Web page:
A philosopher writes in with a query at the intersection of research ethics, publishing norms, and academic etiquette. (more…)
How do publishers respond to cases of plagiarism in philosophy? Michael V. Dougherty, professor and Sr. Ruth Caspar Chair in Philosophy at Ohio Dominican University, looks into the matter in a new article in Metaphilosophy, “Correcting the Scholarly Record in the Aftermath of Plagiarism: A Snapshot of Current-Day Publishing Practices in Philosophy.” (more…)..
Politico has consulted several “experts on academic integrity” to assess whether Supreme Court nominee Neil Gorsuch plagiariazed parts of his book, The Future of Assisted Suicide and Euthanasia, which was a revised version of his D.Phil thesis, as well as an article in the Harvard Journal of Law & Public Policy, while the White House has produced statements from sev..
Do you use Turnitin or SafeAssign in your courses to help deter and catch plagiarism? It turns out such software is not very good, reports Inside Higher Ed. Here are the results of a recent test conducted by Susan E. Schorn, a writing coordinator at the University of Texas at Austin:
Out of a total of 37 sources, the software fully identified 15, partially identi..
In November of last year, Daily Nous hosted a guest post that exposed the extraordinary plagiarism of Iranian philosopher Mahmoud Khatami (follow-ups here and here). One of the articles alleged to be a work of plagiarism was a 2007 article of his in Topoi: An International Review of Philosophy, entitled “On the illuminationist approach to imaginal power: outline of ..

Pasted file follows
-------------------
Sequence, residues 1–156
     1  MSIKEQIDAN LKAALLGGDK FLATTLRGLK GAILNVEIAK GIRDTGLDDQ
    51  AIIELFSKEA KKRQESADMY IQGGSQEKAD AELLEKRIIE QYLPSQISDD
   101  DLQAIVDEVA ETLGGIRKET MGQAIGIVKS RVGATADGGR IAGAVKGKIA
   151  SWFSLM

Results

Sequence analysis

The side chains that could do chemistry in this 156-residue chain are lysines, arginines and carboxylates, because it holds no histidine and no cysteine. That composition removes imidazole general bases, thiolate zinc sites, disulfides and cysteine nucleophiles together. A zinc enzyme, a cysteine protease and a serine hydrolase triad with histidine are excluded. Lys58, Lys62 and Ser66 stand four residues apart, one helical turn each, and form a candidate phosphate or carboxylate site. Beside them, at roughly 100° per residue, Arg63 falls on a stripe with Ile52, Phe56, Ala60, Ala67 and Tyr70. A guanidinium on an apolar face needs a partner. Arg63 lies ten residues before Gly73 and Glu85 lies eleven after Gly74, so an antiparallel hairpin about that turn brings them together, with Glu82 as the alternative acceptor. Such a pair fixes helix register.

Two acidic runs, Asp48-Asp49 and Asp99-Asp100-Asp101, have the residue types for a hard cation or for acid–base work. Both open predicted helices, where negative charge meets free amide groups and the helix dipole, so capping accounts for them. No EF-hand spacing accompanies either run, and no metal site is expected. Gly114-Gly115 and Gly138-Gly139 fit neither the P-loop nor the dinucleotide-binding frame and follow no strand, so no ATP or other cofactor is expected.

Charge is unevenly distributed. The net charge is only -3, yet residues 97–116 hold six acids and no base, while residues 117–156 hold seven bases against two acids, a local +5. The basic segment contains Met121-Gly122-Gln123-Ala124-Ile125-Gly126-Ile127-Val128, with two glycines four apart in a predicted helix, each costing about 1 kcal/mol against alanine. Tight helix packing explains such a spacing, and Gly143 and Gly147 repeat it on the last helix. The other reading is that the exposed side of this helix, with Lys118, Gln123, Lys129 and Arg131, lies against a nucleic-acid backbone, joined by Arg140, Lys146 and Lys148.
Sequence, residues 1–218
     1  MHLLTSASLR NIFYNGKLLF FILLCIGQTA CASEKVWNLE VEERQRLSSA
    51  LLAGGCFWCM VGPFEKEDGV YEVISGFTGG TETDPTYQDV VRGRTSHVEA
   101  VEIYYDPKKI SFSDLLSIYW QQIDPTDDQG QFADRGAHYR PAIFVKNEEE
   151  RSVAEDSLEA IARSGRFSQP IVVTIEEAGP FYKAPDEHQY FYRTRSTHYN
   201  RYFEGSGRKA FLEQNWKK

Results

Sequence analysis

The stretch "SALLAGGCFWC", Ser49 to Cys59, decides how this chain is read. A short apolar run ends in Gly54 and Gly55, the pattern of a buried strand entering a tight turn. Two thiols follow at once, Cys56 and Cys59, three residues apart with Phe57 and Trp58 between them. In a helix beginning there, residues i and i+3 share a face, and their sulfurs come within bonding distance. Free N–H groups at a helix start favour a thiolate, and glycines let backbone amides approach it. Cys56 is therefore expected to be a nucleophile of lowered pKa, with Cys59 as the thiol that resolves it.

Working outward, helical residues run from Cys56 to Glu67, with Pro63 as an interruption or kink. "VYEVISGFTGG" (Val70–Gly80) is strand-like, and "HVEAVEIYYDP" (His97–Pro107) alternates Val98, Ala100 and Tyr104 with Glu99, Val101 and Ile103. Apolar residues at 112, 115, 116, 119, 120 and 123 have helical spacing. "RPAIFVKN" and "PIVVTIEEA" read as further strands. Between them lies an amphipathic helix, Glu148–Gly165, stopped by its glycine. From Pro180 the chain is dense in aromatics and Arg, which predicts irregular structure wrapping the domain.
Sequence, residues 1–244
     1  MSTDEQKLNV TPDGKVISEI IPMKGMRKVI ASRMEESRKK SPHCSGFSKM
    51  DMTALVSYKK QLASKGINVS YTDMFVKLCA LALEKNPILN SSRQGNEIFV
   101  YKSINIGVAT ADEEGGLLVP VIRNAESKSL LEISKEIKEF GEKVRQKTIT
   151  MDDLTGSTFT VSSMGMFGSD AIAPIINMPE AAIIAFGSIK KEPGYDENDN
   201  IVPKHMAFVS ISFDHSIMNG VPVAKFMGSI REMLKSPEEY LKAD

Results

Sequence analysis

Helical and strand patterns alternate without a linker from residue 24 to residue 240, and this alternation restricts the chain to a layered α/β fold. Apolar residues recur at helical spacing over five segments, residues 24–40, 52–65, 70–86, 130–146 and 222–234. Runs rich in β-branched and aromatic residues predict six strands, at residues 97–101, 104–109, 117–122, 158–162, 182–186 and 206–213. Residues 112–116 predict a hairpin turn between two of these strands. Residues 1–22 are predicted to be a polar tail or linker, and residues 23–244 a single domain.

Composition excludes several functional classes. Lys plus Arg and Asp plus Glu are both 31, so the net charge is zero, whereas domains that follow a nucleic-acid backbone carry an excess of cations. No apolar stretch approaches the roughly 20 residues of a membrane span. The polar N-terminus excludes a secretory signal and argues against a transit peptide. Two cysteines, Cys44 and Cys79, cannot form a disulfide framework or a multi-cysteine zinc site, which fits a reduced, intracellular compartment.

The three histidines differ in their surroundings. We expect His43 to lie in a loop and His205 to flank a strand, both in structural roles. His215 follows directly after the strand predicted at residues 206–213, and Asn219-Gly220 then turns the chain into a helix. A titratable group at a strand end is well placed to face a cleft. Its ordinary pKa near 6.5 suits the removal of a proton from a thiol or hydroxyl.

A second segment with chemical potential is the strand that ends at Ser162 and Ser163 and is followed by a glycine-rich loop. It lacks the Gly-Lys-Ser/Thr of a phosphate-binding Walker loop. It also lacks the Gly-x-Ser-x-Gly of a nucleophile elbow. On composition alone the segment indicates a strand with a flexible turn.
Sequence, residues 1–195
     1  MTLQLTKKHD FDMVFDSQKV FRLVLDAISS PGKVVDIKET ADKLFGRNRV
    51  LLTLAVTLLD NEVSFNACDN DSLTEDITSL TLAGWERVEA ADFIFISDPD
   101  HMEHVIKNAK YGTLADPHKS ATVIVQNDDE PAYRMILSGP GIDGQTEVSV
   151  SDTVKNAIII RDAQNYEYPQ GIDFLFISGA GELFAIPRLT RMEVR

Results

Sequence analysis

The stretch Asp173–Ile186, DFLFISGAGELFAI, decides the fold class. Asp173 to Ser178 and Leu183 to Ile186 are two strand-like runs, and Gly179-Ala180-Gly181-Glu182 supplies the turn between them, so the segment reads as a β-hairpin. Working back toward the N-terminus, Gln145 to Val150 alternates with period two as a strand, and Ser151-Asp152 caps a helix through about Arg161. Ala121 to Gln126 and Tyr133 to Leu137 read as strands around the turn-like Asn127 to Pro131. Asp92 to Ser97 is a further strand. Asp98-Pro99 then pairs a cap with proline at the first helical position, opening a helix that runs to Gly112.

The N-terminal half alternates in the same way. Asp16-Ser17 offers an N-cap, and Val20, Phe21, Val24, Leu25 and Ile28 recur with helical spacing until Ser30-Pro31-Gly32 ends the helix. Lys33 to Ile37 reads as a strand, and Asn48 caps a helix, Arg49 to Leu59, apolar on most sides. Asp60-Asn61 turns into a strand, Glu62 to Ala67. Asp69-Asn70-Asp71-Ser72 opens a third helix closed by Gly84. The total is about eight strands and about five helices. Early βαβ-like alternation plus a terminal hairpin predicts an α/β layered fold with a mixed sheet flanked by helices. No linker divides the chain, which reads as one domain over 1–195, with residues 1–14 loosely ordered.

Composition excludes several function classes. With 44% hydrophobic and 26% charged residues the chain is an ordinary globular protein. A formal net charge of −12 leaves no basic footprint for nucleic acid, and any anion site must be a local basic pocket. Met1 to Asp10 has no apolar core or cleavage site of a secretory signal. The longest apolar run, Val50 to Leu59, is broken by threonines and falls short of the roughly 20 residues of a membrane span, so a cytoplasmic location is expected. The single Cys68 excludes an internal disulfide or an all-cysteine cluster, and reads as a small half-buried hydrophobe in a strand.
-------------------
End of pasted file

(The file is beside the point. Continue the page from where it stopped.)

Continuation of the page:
The University of Tehran has issued a statement on the plagiarism allegations against Mahmoud Khatami (reported earlier here and here). I have been provided with two translations of the statement. One is by someone who prefers to remain anonymous. It is reprinted below. The other is by Shirzad Peik Herfeh, assistant professor of philosophy at Imam Khomeini Internat..
University of Tehran philosophy professor Mahmoud Khatami, who has been accused of extensive plagiarism (including his Durham University PhD, several articles, and an allegedly ghost-written book about him) is on sabbatical in Canada and has not yet responded to inquiries about the charges, according to sources in Iran.
The story has been pursued in several Irani..
The following guest post* provides evidence that Mahmoud Khatami, a professor of philosophy at the University of Tehran who is well-known and widely-celebrated in Iran, plagiarized parts of his dissertation, which he wrote for his 1996 Ph.D. degree from Durham University. It also provides evidence that a book about Khatami’s work was plagiarized (and notes that the ..
Philosophy professor Jan Boxill was named as an active participant in an academic fraud scheme in a 136-page report issued earlier today by the University of North Carolina at Chapel Hill entitled “Investigation of Irregular Classes in the Department of African and Afro-American Studies.” The report details the existence of a number of phony “paper classes.” Accordi..